Audio Visual Design Guidelines

Loudspeaker selection and placement

84 views November 19, 2019 aetm 0

An effective electroacoustic design is essential to assist presenters in communicating spoken word and other programme material to the audience. 

Many institutions will develop a preference for one or more narrow ranges of speakers based on performance, voicing and reliability, but the final choice of speakers should always be reviewed for suitability in each space. 

Design of the speaker system will be informed by the need to achieve:

  • Effective coverage of the listening area(s)
  • Acceptable uniformity of SPL throughout the listening area
  • Good intelligibility and high gain before feedback for amplified voice; and
  • Reproduction of programme audio appropriate to the identified use cases

Typical performance criteria for a practical sound reinforcement system are

  • Voice
    • SPL of 65dB(A)
    • Intelligibility in the ‘excellent’ (0.75+) range (STI per IEC60268:16) 
  • Programme
    • SPL of 85dB(A)
  • Uniformity (AVIXA A102.01:2017 Audio Coverage Uniformity in Listener Areas
    • Coverage envelope of 6dB


Typical design approaches

Space type Practical design strategy
Seminar <50P Amplified voice is not expected in most small spaces, so amplification is typically limited to programme sound.

In small rooms, this is usually from a pair of speakers at the front or the room, or a sound bar where flat panel displays are used. In flexible/collaborative spaces with multiple displays or no single teaching space an array of ceiling speakers may be more appropriate. 

Seminar ≥50P Where microphones are used, acoustic feedback is an undesirable side effect which must be prevented. 

‘Front’ programme speakers are usually augmented or replaced with ceiling speakers to provide more uniform distribution of amplified voice. Uniformity allows technical staff to better commission the sound system to provide adequate SPL and high gain before feedback

Video conference The aim of any video conference space is to provide as natural a conversational environment as is practical. Depending on room size, programme and ‘far end’ sound are reproduced through a combination of

  • Front speakers to localise the ‘far end’ audio; and
  • Ceiling speakers to reduce overall SPL whilst improving intelligibility and uniformity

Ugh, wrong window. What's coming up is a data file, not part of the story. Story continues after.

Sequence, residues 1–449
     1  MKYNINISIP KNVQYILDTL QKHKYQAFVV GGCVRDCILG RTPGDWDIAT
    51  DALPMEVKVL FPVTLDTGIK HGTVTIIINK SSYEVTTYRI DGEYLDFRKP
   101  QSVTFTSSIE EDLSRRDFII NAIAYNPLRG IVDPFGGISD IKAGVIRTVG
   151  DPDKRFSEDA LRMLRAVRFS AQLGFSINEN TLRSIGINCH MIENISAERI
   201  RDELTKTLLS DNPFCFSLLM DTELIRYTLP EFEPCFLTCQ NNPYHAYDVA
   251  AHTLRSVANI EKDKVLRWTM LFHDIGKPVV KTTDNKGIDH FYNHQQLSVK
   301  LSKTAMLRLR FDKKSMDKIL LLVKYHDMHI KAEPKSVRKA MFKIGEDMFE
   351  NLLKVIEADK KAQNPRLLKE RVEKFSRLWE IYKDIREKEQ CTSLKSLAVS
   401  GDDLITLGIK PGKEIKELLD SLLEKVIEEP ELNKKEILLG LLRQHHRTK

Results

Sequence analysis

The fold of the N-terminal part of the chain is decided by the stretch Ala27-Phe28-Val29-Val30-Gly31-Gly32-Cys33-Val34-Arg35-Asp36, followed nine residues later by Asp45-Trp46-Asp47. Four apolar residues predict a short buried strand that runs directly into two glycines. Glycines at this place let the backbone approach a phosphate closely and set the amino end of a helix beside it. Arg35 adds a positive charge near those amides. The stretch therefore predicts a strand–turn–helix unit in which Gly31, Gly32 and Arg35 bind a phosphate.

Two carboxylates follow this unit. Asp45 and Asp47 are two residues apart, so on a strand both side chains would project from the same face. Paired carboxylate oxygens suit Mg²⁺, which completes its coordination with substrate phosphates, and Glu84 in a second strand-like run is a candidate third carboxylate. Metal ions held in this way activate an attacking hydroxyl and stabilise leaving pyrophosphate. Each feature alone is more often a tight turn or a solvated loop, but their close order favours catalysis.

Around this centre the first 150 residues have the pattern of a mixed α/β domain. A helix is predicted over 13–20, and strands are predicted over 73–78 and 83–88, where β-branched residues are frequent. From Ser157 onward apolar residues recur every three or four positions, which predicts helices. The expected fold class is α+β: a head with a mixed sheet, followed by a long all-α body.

In larger conferencing spaces, ceiling speakers may be wired in multiple circuits to reflect the number and placement of microphones and improve Acoustic Echo Cancellation (AEC) processing

Lecture theatre/Auditorium Larger spaces require a bespoke approach which responds to the physical acoustics and best supports identified uses.

  • Voice and programme are typically localised to the front of the room, but may require separate speaker systems
  • Additional speakers with similar voicing to those at the front may be added in one or more locations deeper in the room, allowing. SPL uniformity to be managed. 

The audio feeding these speakers should be delayed so the sound arrives slightly later than that from the front, ensuring listeners still perceive sound as localised to the front of the room.


Speaker Types and Application

Care must be taken in the design to use speakers appropriate for the task, and to place them to best effect. The manufacturer’s datasheet is informative but must be read closely so calculations are based on realistic data. Designers should particularly review the following items and inspect polar plots or supplementary data to reach a decision.

  • Sensitivity
    • Generally expressed as xxdB 1W/1m, or “What SPL will be measured on-axis at 1m from the speaker for a 1W input”
  • Dispersion
    • The vertical and horizontal distribution at a nominated frequency (normally 1-2kHz – in the voice range). Lower frequencies tend to be omnidirectional and dispersion narrows with increasing frequency
    • Many professional ‘box’ speakers use a rotatable waveguide on the high frequency element to permit vertical or horizontal mounting.
    • Line arrays tend to have wide horizontal dispersion (above 150°) but very narrow vertical (10-20°)
    • Ceiling speaker dispersion depends on construction, and commonly ranges between 90 and 150°. 
      • Ceiling speakers with narrow dispersion should be considered in spaces with specular walls/façade to focus energy downwards
  • Impedance
    • Speakers are ordered for direct, low impedance connection (4-16Ω) or use on a high impedance line at 70/100V. 
    • Speakers rated for 100V will work fine on a 70V amplifier, though all power tappings are halved. Many commercial speakers are labelled with both 70V and 100V power ratings
    • A 70V speaker cannot always be assumed suitable for use on a 100V line – designers should check before specifying 
  • Frequency response
    • The frequency response of a speaker is expressed as the range of frequencies able to be reproduced e.g.: 85Hz-15kHz
    • On its own, this frequency range provides an incomplete picture – we also need to know the tolerance applied. 
      • This is often the point 6dB below the on-axis reference level, but some manufacturers measure at the -10dB points
      • Cinema and other more critical speakers may be described with a tolerance of ±3dB of mean
      • Loudspeaker polar plots are very informative if the printed data is not explicit. These present a graph of level between 0° and ±90°, helping designers understand the on- and off-axis frequency response of each particular unit for each of the key frequencies.

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